30 Awesome Things that Black Adventists Did
Benjamin Baker, PhD | 20 February 2019 |
There is something about the combination of being black and Adventist that leads to awesomeness. Although small in number, black Adventists have had an outsized impact on their communities, their church, and their world. Enjoy the awesomeness!
- William J. Hardy is the first black elected to office in the state of Michigan (1872).
- Eugene Hardy is the first black to graduate from high school in the state of Michigan (1877).
- Jessie C. Dorsey Green cofounds Voorhees College with Elizabeth Evelyn Wright (1897).
- Mabel Branch is the first black teacher of public schools in the state of Colorado (1898).
- Lottie Blake is the only black woman physician in Birmingham, Alabama (1901).
- Anna Knight is the first black woman of any denomination to serve as a missionary in India (1901).
- Mary Britton is the first woman licensed as a medical doctor in the state of Kentucky (1902).
- Franklin H. Bryant is the first black law graduate at the University of Colorado (1907).
- James Chiles argues the Chesapeake and Ohio Railroad case for desegregation before the Supreme Court (1910).
- Ruth Temple is the first black woman to practice medicine in Los Angeles, California (1918).
- Eva B. Dykes is the first black woman to complete the requirements for a PhD (1921).
- Irene Morgan refuses to give up her seat on a Greyhound bus and when she is jailed, takes the state to court and wins the case, outlawing racial segregation on interstate buses (1944).
- Rothacker Childs Smith serves as a medic in World War II, a so-called “Buffalo Soldier.” During one battle he is wounded and captured by Germans, escaping just before the close of the war (1944).
- Mary Inez Booth forms a prison ministry group that visits jails every Sabbath to encourage prisoners. She continues going to jail every week for 55 years (1953).
- Terrence Roberts is a member of the “Little Rock Nine” and by his courageous act deals a blow to racial segregation in schools in America (1957).
- Yolanda Clarke sings with her choir at the March and Washington and stands right behind Martin Luther King, Jr. as he delivers his “I Have A Dream” speech (1963).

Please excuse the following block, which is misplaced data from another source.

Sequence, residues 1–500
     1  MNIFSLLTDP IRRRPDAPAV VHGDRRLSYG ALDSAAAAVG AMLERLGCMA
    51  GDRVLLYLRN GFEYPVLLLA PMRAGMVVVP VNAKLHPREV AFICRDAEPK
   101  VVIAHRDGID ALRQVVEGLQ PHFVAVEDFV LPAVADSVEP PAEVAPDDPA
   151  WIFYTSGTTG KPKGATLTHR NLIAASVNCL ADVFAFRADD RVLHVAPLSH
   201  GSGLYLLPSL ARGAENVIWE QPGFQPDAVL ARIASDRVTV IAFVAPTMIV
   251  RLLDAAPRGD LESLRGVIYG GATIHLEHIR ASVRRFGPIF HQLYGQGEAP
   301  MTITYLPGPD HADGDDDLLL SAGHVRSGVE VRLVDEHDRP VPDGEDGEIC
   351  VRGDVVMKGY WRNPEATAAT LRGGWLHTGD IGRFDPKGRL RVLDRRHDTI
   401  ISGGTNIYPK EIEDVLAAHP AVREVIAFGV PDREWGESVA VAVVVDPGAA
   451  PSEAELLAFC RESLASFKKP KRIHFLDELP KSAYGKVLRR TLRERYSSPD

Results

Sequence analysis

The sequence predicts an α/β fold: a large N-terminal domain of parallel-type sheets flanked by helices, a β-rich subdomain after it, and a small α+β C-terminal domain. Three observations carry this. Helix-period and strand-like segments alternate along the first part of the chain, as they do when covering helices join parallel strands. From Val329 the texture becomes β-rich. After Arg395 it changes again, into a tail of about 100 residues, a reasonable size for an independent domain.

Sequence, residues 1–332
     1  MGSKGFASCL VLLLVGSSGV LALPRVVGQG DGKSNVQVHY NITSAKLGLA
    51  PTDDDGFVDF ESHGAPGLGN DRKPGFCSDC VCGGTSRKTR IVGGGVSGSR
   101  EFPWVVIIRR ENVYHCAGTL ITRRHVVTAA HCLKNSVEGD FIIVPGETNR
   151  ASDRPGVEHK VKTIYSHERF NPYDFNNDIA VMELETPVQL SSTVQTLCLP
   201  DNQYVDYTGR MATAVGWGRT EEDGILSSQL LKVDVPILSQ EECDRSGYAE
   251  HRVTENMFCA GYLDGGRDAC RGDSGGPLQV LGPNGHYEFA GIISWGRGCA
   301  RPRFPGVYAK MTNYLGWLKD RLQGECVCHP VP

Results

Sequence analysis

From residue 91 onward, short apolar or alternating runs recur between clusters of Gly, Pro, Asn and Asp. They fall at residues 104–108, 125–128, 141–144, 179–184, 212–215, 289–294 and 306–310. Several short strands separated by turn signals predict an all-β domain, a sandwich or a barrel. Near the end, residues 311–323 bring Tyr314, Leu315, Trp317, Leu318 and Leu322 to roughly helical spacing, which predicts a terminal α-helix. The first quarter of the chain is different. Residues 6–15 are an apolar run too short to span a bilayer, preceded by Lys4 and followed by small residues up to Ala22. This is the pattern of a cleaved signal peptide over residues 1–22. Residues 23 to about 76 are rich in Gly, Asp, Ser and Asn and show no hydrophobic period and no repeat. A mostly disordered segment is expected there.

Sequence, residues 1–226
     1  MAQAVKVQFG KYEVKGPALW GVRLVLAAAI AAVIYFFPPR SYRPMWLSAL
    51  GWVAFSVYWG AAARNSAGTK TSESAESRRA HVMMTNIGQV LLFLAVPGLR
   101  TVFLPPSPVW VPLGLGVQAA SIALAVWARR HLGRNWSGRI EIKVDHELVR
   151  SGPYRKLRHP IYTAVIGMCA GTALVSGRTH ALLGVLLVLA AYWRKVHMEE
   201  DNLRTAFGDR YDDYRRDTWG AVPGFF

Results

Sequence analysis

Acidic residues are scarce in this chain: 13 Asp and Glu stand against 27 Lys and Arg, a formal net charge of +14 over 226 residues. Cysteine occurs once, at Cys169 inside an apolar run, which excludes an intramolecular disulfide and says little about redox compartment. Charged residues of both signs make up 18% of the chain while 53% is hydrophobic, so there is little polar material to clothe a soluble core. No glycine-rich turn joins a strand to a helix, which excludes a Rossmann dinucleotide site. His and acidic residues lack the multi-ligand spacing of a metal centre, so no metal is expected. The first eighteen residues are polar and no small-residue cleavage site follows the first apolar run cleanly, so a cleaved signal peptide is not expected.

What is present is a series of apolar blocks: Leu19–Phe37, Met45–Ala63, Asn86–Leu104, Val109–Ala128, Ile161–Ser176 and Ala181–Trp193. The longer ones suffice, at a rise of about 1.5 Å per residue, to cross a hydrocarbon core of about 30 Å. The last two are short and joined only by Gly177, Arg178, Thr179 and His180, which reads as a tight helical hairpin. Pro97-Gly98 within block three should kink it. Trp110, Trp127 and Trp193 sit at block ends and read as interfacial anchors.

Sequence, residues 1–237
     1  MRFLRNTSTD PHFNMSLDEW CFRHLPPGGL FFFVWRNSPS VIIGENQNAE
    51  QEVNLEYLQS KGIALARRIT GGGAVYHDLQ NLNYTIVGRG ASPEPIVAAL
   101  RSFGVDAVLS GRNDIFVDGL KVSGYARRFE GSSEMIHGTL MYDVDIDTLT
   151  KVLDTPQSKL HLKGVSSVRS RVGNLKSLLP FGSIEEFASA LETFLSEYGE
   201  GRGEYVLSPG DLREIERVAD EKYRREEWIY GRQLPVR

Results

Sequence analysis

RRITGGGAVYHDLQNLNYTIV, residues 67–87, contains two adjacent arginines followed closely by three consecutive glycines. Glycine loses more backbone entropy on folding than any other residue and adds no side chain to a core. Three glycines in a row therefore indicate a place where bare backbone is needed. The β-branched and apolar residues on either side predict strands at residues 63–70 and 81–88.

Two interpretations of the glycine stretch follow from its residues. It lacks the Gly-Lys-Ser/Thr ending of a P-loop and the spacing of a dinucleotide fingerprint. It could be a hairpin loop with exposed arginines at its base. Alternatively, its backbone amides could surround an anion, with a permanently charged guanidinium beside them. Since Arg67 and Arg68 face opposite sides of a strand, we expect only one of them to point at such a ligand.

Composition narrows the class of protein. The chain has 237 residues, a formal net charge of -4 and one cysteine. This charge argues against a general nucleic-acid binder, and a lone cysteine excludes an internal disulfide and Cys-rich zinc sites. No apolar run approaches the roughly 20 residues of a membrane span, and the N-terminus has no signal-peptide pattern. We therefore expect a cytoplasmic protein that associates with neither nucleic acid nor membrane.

- Robert Shurney designs the tires for the moon buggy used during the Apollo 15 mission (1972).
- C.D. Brooks is the speaker-director of Breath of Life Ministries, the first continuously-running black religious television programming (1974).
- The National Association for the Prevention of Starvation (NAPS) is formed at Oakwood College and comprised of its students with the goal “to eliminate hunger, poverty, and disease, and to improve education and food security among suffering people, both nationally and internationally, regardless of race, religion or nationality.” It has been awarded by several national governments for their humanitarian work (1978).
- Richard and Carolyn Bland begin United Prison Ministries International, a ministry that visits more than 3,000 prisons in 50 states, Africa, Europe, and Asia, with some 75 million pieces of spiritual literature distributed (1980).
- Mary Kate Stovall-Tapley is the first black mayor of Hurtsboro, Alabama (1984).
- Ben Carson performs the first successful separation of conjoined twins (1987).
- Frank W. Hale, Jr., is the first black person to have a building named after him on The Ohio State University campus (1989).
- Chessie Harris receives the President’s Volunteer Action Award from President George Bush for her humanitarian work for disadvantaged children (1989).
- David Williams develops the Everyday Discrimination Scale, “one of the most widely used measures of discrimination in health studies” (1996).
- Gwen Foster as “health czar” leads the residents of Philadelphia to lose more than 76 tons of weight in 76 days (2001).
- Barry Black is the first black person to be elected chaplain of the United States Senate (2003).
- Ella Simmons is the only woman to be a vice president of the General Conference of Seventh-day Adventists; she is the highest ranking female official in the history of the denomination, with the exception of three woman treasurers in the pioneer era (2005).
- James Graves, Jr. is the second black to be elected to the United States Court of Appeals (2010).
- Lloyd Henry is the first African American to complete the “Ironman Globe Finisher.” He has completed 21 Ironmen competitions in all (2016).
Benjamin Baker, PhD, is the creator of blacksdahistory.org.